It can also be exhausting, and scary. And it is not lost on me that I could best face these life transitions after a year of work with an amazing trauma therapist, who helps me understand my responses to a complex life transition.
“Fear can be associated with coming out at any age; however, there are unique experiences that exist for folks above 40 that may not exist for those in adolescence or young adulthood,” Dr. Helfer says. “Many folks over 40 have children, are married or partnered, have established careers, long term friendships, and are integrated into social circles and communities. For folks with these types of connections, to open up and come out may shatter expectations or previous perceptions of them, which can prompt a variety of reactions.”
After years of fairly ambiguous orientation and relationship status, I chose to share more specifics about my identity and my relationship with my immediate family, and a few close ally friends. I wanted to be more comfortable expressing myself publicly, and although I was solid in my choices, it felt important to me to involve my closest people. Luckily, most of the reactions were supportive, potentially because I specifically chose to keep my circle of trust fairly small. There are some people I don’t need to talk to about this, yet or ever, and that’s okay.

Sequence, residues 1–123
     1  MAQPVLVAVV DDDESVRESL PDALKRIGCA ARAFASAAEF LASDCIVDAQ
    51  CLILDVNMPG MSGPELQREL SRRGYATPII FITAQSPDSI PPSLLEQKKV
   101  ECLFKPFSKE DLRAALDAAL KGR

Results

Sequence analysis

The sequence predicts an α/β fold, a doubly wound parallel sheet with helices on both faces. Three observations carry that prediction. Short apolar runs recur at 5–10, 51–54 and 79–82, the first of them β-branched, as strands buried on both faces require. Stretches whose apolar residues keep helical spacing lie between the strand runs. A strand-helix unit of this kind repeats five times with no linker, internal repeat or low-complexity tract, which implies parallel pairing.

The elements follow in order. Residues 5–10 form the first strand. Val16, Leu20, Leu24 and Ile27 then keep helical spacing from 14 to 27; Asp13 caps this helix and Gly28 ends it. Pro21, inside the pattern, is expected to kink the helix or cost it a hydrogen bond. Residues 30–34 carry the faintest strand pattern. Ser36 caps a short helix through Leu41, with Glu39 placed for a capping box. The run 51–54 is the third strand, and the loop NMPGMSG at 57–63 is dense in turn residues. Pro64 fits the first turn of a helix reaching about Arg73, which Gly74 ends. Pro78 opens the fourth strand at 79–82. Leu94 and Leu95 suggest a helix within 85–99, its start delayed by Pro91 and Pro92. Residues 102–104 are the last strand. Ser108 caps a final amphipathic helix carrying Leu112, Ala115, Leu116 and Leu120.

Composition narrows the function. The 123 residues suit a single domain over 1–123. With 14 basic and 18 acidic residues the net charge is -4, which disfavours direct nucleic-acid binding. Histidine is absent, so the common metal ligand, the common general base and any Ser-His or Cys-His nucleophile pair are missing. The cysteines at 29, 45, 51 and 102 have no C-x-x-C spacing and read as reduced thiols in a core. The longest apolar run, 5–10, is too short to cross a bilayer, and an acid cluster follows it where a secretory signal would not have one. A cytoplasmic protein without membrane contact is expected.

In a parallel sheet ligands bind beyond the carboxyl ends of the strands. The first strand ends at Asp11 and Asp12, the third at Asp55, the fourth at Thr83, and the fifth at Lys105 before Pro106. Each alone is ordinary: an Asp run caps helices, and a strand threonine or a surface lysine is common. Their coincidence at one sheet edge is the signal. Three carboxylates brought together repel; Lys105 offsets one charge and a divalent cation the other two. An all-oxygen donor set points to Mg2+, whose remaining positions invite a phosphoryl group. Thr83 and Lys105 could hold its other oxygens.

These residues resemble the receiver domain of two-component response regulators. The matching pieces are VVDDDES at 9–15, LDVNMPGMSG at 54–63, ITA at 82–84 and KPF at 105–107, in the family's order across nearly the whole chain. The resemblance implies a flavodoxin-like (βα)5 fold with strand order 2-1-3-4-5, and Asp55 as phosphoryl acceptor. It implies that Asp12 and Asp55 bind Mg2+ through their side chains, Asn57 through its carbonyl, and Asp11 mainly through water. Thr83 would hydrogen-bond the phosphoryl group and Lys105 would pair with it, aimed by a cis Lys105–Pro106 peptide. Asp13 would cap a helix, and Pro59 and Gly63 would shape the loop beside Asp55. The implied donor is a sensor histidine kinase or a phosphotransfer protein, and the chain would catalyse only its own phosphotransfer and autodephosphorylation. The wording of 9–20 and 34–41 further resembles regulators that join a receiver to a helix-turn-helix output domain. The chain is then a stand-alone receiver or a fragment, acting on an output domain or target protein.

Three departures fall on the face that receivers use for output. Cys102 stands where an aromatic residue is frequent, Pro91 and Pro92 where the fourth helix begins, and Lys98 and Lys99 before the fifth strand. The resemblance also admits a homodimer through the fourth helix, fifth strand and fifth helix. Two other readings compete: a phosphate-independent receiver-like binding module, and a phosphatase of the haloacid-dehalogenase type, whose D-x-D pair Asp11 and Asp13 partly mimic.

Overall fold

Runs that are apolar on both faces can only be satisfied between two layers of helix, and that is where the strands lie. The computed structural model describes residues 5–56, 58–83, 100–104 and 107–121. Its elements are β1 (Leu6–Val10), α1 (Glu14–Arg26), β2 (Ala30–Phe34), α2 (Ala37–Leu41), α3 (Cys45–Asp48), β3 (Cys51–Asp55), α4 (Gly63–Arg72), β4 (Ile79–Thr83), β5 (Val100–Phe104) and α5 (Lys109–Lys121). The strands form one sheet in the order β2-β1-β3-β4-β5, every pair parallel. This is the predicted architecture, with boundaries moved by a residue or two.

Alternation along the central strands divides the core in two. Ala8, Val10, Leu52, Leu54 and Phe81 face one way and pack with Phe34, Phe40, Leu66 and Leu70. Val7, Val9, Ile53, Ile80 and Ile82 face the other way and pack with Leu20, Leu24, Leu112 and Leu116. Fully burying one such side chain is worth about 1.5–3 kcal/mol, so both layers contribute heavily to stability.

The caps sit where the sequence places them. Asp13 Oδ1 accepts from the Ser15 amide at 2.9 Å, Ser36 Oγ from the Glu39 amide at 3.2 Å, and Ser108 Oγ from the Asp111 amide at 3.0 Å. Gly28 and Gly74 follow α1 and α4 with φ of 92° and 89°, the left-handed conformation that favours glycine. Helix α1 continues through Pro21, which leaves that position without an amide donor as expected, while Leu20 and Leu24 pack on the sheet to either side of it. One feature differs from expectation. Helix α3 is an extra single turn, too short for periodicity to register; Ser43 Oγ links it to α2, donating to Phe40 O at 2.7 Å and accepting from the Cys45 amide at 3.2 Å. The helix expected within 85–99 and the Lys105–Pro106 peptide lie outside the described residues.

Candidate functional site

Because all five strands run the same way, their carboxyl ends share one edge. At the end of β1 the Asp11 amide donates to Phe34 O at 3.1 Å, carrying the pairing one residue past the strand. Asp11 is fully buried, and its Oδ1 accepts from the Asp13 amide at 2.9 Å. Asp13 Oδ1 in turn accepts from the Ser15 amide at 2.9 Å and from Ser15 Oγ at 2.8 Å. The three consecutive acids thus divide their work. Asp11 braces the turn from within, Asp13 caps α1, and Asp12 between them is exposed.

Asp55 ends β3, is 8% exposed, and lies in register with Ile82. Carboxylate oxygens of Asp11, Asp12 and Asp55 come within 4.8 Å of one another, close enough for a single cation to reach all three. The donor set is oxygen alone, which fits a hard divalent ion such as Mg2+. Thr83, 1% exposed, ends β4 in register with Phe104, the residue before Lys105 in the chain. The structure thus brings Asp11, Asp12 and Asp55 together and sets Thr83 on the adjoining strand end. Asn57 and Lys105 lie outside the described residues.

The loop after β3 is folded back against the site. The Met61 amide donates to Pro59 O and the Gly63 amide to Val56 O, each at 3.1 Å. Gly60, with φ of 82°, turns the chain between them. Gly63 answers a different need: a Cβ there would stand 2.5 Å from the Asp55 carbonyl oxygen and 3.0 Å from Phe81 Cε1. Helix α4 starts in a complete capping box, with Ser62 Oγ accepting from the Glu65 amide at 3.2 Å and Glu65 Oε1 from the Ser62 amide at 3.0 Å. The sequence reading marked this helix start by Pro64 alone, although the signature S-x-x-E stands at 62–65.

“First and foremost, those who are coming out later in life get to choose who they come out to, how they come out, and most importantly, IF they come out,” Dr. Helfer says. “Many folks have not earned the right to sit in the vulnerability it often takes to open up about someone’s sexual and/or romantic identity. The discrimination of erotically marginalized individuals and the subsequent harassment, hatred, and violence that can and often does exist plays a major role in whether or not folks feel safe coming out. Physical and emotional safety are crucial for coming out to be considered, and I certainly recommend that folks make decisions with that in mind.”